Tucson Daily Citizen from Tucson, Arizona on February 10, 1976 · Page 33
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Tucson Daily Citizen from Tucson, Arizona · Page 33

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Tucson, Arizona
Issue Date:
Tuesday, February 10, 1976
Page:
Page 33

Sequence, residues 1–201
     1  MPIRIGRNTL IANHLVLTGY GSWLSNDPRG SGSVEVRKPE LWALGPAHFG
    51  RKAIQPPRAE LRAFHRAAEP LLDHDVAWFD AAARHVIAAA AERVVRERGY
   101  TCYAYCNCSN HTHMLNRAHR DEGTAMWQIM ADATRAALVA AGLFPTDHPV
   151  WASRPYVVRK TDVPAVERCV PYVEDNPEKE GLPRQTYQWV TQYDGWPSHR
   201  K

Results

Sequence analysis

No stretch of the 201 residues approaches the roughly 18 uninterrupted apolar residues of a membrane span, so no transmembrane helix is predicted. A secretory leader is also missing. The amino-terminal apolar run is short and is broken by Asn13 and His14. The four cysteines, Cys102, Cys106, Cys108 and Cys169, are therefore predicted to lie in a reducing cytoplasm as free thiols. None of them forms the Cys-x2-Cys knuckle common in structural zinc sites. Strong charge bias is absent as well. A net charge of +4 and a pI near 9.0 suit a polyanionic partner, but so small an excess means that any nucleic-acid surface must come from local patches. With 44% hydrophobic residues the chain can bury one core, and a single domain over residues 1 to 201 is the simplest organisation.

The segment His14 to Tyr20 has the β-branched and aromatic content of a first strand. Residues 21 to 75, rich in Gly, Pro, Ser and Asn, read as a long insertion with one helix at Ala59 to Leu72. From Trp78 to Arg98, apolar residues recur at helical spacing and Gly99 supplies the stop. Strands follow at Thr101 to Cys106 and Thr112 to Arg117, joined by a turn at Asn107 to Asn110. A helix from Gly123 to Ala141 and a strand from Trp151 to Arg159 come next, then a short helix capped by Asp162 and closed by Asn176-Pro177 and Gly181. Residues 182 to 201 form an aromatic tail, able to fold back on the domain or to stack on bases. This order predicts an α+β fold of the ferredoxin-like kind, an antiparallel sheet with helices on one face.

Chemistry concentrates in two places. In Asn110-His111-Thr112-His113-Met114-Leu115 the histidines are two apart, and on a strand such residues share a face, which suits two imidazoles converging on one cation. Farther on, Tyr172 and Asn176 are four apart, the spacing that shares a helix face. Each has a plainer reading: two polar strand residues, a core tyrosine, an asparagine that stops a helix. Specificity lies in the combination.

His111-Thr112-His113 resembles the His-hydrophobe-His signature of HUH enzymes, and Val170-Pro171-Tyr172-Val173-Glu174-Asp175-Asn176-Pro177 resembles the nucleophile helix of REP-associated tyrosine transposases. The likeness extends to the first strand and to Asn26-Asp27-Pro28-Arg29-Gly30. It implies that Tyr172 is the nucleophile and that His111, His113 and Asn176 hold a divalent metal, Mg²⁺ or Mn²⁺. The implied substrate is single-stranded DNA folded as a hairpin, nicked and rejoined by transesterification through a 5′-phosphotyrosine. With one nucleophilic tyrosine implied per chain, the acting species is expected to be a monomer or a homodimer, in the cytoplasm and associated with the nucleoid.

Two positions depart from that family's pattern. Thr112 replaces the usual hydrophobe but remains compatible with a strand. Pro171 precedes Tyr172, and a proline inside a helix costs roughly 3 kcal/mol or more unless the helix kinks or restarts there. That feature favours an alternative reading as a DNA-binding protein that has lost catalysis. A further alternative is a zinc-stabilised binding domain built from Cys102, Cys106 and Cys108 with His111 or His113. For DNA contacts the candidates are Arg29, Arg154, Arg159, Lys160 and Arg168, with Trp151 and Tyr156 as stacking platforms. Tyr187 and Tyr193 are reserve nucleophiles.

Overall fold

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TUESDAY, F E B R U A R Y 10, 1976 T U C S O N D A I L Y C I T I Z E N Murder suspect n I suspect nan on lawyer advertising may end arrested SHERYL R. KORNMAN mfi nt h« i*- ,_. *^ f Food power 'gap closing By SHERYL R. KORNMAN ClUiM Bun Wriler Arizona's lawyers may join Ihe ranks of some chiropractors and dentists who buy newspaper space and television time to attract clients. The prospect of such a radical move has lawyers -- especially older ones -- in a tizzy over the pros and cons of liberalizing their century-old code of ethics. The American Bar Association's Code of Professional Responsibility currently forbids any form of self promotion. To meet Saturday The national bar association's House of Delegates, which is comprised of state bar representatives from throughout the nation, is scheduled to meet in Chicago Saturday for the decisive vote on a proposed revision of the code. As it is now written, the proposal, which has come briefly before state and county bar associations, would allow lawyers to advertise their specialization (criminal defense, malpractice, divorce) and fee scale. Consumer groups, which have filed lawsuits against bar associations in two states to force the issue, say prospective clients have a right to know how much they can expect a lawyer to charge them for certain standard services, and who specializes in what. The Constitution promises equal protection under, the law, but access to that protection, through sometimes mysterious and costly legal channels, doesn't exactly fill the bill, consumer advocates argue. The U.S. Justice Depart- ment has been applying "tremendous pressure" at the national level for a change in the bar's code of ethics, said Arizona-Bar Association Pres ident Mark Harrison. Harrison took part in December in a national bar conference that was to educate state bar representatives so they could go back to their states and come up with a recommendation on the proposed revision for the ABA's meeting. Harrison said lie was told that Justice Department lawyers see the current ban on advertising and soliciting for clients as anti-competitive, a restraint on fair trade and a violation of anti-trust laws. The prospect of allowing advertising in a profession that opposed any sort of commercialism, he said, has caught many lawyers by surprise. 'Unknown evils' Some feel it challenges the dignity of the profession. Many fear that "unknown evils" will How from it. Others say it would be impossible to enforce, and assume that if it is adopted, "the sky will fat! in," Harrison said, "but nobody knows for sure if that's going to happen." Harrison said a lot of lawyers just don't feel comfortable endorsing the proposal without having more time to consider it. That point of view is reflected in the Pima County Bar Association's "no" vote on the proposal last month. Most county and stale bar groups, like Pima County's, didn't have time to bring the , issue before their full mem- I berships because of the ABA's timetable, and so each group's executive board vote on be- half of its general membership. , Harrison said Tucson attorney Ann Bowen has written to him, meanwhile to say that many lawyers in Southern Arizona don't share the official position of the Pima County Bar. Harrison, who said he respects her opinion, said nevertheless that some members of the bar have registered with him their violent opposition to a change in the lawyers' code of conduct. Some of them are against any modification of it. Others said they could live with a few minor alterations. They wouldn't mind listing Iheir specialties, some biographical data (where and when they earned their law degrees) and special abilities, such as "bilingual." They do not want to publish how much they charge. One suggestion, that the bar association itself publish a booklet listing some of this data, really wouldn't help much, in Harrison's view. Such a bar-controlled publication would be ill-received by consumer groups and government lawyers for the same reasons they object to lawyers in private practice not publicizing their fees. Allowing lawyers to select from their credentials the information they would include in this type of booklet doesn't provide for much public accountability. As it stands, the proposed code revision is thorough in its attempt to remove the restraint against any sort of advertising while taking precautions to prevent the sort of misleading and deceptive advertising that caused one Tucson chiropractor to have his license suspended recently. The proposed revision wouldn't allow advertising that includes an endorsement by a satisfied customer, nor would it allow statements that would be likely to create "unjustified expectations of favorable results." It also would ban advertising "likely to appeal primarily to a lay person's fears, greed, desires for revenge or similar emotions." Harrison, who serves on the national bar's standing committee on professional discipline, said a lot of very responsible lawyers fear the code revision would "wildly aggravate" the public feeling that "lawyers are just out for a buck." He feels personally, however, that only a small percentage of the nation's lawyers would abuse a repeal of the ban on advertising and assume an "anything goes" attitude. EDMONTON, Canada (AP) -- Canadian police have captured Leonard Peltier, one of the FBI's 10 most-wanted suspects, in a remote area of west-central Alberta province. Royal Canadian Mounted Police said that Peltier, 31, was arrested w i t h Frank Black Horse, 27, of Cherokee, N.C., about 160 miles west of here after two weeks of investigation at several Alberta locations, Peltier is wanted by American authorities on murder charges stemming from the killing of two FBI agents on the Pine Ridge Indian Reservation in South Dakota last June. He and American Indian M o v e m e n t leader Dennis Banks were sought last November in Oregon. Banks was arrested last month near San Francisco. W A S H I N G T O N ( A P ) American factory workers continue to enjoy better food purchasing power than their counterparts in 13 foreign countries, but the gap closed a bit last year, according to figures published by the Agriculture Department. The figures show that Americans had to work longer on the average to eat last year than in 1974, while the average in other countries declined. The report said U.S. industrial workers on the average spent two hours and 16 minutes on the job to earn enough to buy a nine-item list of groceries in 1975, up 47.8 per cent, compared with a rate of one hour and 32 minutes in 197-1. Samplings made in 13 foreign countries showed that factory workers there averaged four hours and 34 m i n - utes to buy the same amount of food. That was down 5.5 per cent from a 1974 rate of four hours and 50 minutes. These averages mean the foreign workers had to put in more than twice as much time as American workers to pay for the- same food. Brought down to a sirloin steak, the figures mean t h a t a U.S. worker averaged about 26 minutes on the job last year to pay for one pound of sirloin, while a Japanese wage-earner worked six hours and '£ min- utes. In Argentina, however, a worker spent 11 minutes to earn enough to buy a one- pound sirloin. The 13 countries involved in the figures were West Germany, Brazil, Belgium, Argentin a , A u s t r a l i a , D e n m a r k , G r e a t B r i t a i n . C a n a d a , France, Italy, Sweden, The Netherlands and J a p a n ' TYPEWRITERS ^ IBM IBM -- IBM SdtcHe -- Standiri -- RtcMtt Sln -- Stnrict--Rwrtilt PRYDE BUSINESS MACH. ^4865 E. Speedway 795-9050 J C A R T S · T R U C K S Prime-Time Newspaper . . . Tucson Daily Citizen LARGE LOCAL STOCK SPECIAL DESIGNS AND FABRICATION. EVERYTHING YOU NEED IN THE WAREHOUSE. KISTLER I Mil S T K t . l l . 291 ON. Flowing Wells 792-4391 JOSEPH G. GOOTTER, CLU HE'S NUMBER 1 Each year The Equitable sponsors a drive among its nearly 7,000 Agents to determine who can provide the most life insurance protection to individuals and businesses throughout the nation. And in 1975, first place honors have gone to Joseph G. Goolter, a member of the Robert R. Santos Agency. Joe's newest achievement caps an already distinguished rncord of service. Being in first place nationally is nothing new for him, he's won this award nine times in his career, in 1974, Joe was designated The Equilable's National Honor Agent -- an annual award for excellence in professional and community activities. With The Equitable since 1957, Joe has consistently been in the forefront of The Equitable's sales force. He earned membership in the Hall of Fame for bringing more than $1,000,000 in life insurance protection to his clients in each of 10 years and, for repealing thai performance five more limes, he won the Superior Achievement Award. A Chartered Life Underwriter since 1966, Joe is also a Life and Qualifying member of both The Equitable's Order of Excalibur and the insurance industry's Million Dollar Round Table. Among his many professional and civic involvements, he is a director of the Tucson CLU Association and the Tucson Museum of Art, where he also serves as its Treasurer. He also is a captain of the Heart Fund and Ihe Cancer Society. We salute Joe Gootler. We're proud he's Number I. THE EQUITABLE l^gm ^^ iilpAwjrancpScxittvofthpUnitKlSi.ius.NY.NY. Because there's nobody else exactly like you. 4400 E. BROADWAY, SU1TC 1W., TUCSON, ARIZONA 8571 1, PHONE 795-6640 _ ,.,.,.,6880 South Tucson Boulevard « . _ j l . t t C w -- x^ __ wu Now ieasing units from 1,020 square feet for offices, research and distribution. a B H Cabot, Cabot Forbes (602) 622-5974 WHY SAVE AT WESTERN WHEN EVERY PLAGE IN TOWN WANTS TOUR MONET? You're in a position to be choosy. So before you choose any bank or savings and loan, make sure it's the best place for your money. At Western Savings, we have some pretty good reasons why you should choose our place. REASON*!: THE HIGHEST PASSBOOK INTEREST ALLOWED BY LAW. There's not a bank or savings and loan around that does better than our 5-1/4% interest on regular passbook accounts. To make the numbers add up even more for you, we compound interest daily and pay interest daily. Of course, every account is insured up to $40,000 by an agency of the federal government REASONS: THE MONEY MANAGER ACCOUNT. In a nutshell, the Money Manager Account is made up of 14 free services that are specifically designed to help you make the most of your money. It's the only account exactly like it in town. Some of the free things include: Free American Express Travelers Checks. Free Notary Service. Free Money Orders. You also get a monthly financial newsletter. You even get in on the Western Discovery Program (more on this coming up). We do require a minimum balance of $750 in a passbook account. But that minimum gets you the maximum. REASON *3: THE WESTERN DISCOVERT PROGRAM. The Western Discovery Program turns regular prices into sale prices. All over town. You'll save big on movies, theaters, sporting events and top restaurants. You'll save big on car rentals, travel and tours. On major appliances, minor appliances and so many more things you really need. All we ask is that you deposit at least $1,000, and you're a member of the "Western Discovery Program, REASON** THE WESTERNER CLUB. It's your own private club. Get together with old friends. Make new friends. Just sit around and relax. Bring out the deck of cards Or take advantage of our mini-library with all the up- to-date magazines. We'll take care of the refreshments. There are other things that come along with your membership in the exclusive Westerner Club. You get special rates on travel. Six free three-minute telephone calls a year in the Continental United States. And much more. So if you can manage to put away $7,500, put it away at Western, And welcome to the Club REASON *5: WE'RE STRONG AND STABLE. Western Savings has over a billion dollars in assets This makes us the 23rd largest savings and loan in the nation Our growth didn't just happen It's been steadily on the rise since 1929 With the same- family at the controls. The same management leading the way. So that today we're a major part of the biggest diversified financial corporation in Arizona. .You can expect personal, courteous service every time you step through our doors. No matter which Western office you come to And there are plenty to come to. We have offices all over town. Which means when r _ ^^ need us, you don't have to ' i run all over town. ! That's what we have to offer Now it's your move SAVINGS